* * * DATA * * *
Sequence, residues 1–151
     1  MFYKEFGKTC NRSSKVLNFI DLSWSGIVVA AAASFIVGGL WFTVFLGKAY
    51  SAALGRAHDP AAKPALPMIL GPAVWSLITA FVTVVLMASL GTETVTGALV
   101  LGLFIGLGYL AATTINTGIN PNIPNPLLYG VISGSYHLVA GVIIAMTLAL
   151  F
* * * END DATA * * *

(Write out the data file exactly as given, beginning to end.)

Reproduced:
Sequence, residues 1–151
     1  MFYKEFGKTC NRSSKVLNFI DLSWSGIVVA AAASFIVGGL WFTVFLGKAY
    51  SAALGRAHDP AAKPALPMIL GPAVWSLITA FVTVVLMASL GTETVTGALV
   101  LGLFIGLGYL AATTINTGIN PNIPNPLLYG VISGSYHLVA GVIIAMTLAL
   151  F